It’s not every day you get the chance to see a rock legend for free.

Feb. 4, 2010, 9:16 p.m.

It's not every day you get the chance to see a rock legend for free.On Tuesday, the small Roble Hall Theater slowly filled up in anticipation for Chuck Rainey, who at one time was heralded as “the hardest working bass player in America.” The Ohio native has appeared on everything from the soundtracks of well-known TV shows like “Sanford and Son” to the albums of some of the most important recording artists of the last 50 years.

Although Rainey may not be a household name, he has collaborated with many musicians who are, including Aretha Franklin, The Supremes, Louis Armstrong, Quincy Jones and most notably Steely Dan – with whom he performed on five albums. This performance in Roble marked the end of Rainey’s first visit to Stanford, during which he also participated in a Bass Master Class on Monday in Dinkelspiel Rehearsal Hall.

The crowd was a mix of diehard jazz and bass fans, along with a large number of curious onlookers who decided to drop in on the free event and find out who this Chuck Rainey character was. These varied from the guy two rows in front gushing about how awesome Rainey had been in the Masters class to the guy sitting next to me quickly scrolling through Rainey’s Wikipedia page before the performance started.

The big question in many people’s minds was: how does a bass player perform solo? Sure, musicians like Paul McCartney play the bass and have no problem with solo shows; but while McCartney is more well known for his vocals and lyrics, Rainey is first and foremost a bass guitarist. Because of that, he let his bass guitar take the spotlight for the most part. The stage setup was simple – just a microphone and stool for Rainey. He sang and played along with prerecorded tracks of all the other musical parts, save for the bass, which he, of course, strummed live.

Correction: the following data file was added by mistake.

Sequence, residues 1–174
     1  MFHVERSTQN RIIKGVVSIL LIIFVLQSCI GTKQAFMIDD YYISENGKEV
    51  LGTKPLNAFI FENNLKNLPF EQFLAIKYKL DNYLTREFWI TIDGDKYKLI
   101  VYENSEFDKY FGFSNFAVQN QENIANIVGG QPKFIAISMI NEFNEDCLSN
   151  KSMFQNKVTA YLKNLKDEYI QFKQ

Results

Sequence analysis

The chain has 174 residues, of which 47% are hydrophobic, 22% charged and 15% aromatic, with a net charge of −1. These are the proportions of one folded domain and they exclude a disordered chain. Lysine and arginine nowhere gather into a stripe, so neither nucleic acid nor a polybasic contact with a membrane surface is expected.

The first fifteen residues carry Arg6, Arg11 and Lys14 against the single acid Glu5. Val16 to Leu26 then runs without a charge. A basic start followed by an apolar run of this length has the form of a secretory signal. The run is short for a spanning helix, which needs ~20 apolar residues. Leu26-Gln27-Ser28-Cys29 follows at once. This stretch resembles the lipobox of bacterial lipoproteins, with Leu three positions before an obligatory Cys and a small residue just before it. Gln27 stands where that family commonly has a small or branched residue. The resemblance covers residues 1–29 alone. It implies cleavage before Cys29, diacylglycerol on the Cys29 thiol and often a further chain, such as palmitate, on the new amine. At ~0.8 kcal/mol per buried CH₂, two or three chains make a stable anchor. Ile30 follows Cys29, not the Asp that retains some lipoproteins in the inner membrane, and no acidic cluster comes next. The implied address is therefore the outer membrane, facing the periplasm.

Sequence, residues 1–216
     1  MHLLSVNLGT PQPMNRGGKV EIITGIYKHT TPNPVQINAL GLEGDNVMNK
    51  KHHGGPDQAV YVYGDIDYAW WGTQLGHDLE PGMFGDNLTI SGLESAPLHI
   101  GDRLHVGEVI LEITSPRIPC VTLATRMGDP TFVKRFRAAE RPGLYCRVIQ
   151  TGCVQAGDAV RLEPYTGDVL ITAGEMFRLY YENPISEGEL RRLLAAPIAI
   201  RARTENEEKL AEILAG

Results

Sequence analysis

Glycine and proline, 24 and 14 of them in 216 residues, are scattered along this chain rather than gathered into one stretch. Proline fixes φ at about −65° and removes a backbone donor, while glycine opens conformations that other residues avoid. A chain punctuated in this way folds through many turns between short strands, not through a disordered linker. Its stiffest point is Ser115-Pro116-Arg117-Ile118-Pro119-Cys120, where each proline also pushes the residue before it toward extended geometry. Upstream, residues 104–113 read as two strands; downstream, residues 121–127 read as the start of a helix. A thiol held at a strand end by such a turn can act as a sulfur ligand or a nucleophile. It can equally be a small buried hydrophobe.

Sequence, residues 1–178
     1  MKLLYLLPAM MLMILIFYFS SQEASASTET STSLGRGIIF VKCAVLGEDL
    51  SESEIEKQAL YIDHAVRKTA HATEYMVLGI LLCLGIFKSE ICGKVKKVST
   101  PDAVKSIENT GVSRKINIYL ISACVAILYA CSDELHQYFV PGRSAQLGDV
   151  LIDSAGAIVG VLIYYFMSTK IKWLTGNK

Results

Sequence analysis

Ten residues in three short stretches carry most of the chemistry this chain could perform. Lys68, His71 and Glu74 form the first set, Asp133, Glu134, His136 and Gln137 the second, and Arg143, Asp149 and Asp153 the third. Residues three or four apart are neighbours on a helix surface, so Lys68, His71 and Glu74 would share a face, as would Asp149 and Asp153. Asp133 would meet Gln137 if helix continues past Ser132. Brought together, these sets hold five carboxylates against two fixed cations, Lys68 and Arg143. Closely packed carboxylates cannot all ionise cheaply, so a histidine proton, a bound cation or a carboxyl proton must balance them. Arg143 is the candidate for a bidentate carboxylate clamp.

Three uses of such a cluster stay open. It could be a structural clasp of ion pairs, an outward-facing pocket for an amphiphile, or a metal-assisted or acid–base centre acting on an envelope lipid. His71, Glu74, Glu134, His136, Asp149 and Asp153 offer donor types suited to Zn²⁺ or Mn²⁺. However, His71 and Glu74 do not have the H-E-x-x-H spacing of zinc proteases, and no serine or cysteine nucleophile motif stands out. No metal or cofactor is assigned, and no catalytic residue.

It was an interesting departure from typical rock concerts where the lead guitarist typically gets all the glory while the bassist provides the support. Here, naturally, it was all about Rainey’s thumping bass. Rainey is clearly no superstar singer, but his voice was decent and pleasant enough to accompany his electrifying bass riffs.

Shortly into the set, Rainey told the audience how he likes to tell stories and launched into a series of them, interspersed with some more songs. He preferred to tell stories “his way” which was almost evocative of beat poetry. He supplemented his storytelling with his bass guitar by alternately speaking and singing to the rhythm of his instrument. His tales were mostly amusing and silly like “The Signifying Monkey,” which mainly focused on the exploits of a monkey, a lion and an elephant.

Rainey put on an intimate show, casually chatting about hanging out with the “fellas” back in Ohio and their long summer talks about women and life. The bassist put on no airs. He came off as a funny, unassuming guy who just loves to make music. He threw out a few quips throughout the night, off-handedly remarking how “this mike, by the way, tastes terrible.”

While Rainey performed a short, entertaining set on his own, it seemed like he missed the camaraderie of a full band. He might not have been quite used to the autonomy of a solo artist; he did mention it was a nice change since he was used to being one of the “side men.”

Rainey closed with a cover of the funky “Papa Was a Rolling Stone,” originally recorded by The Undisputed Truth in 1971, but made famous by the Temptations’ rendition two years later. A short intermission followed before the night ended with a brief, informal Q&A with Rainey.

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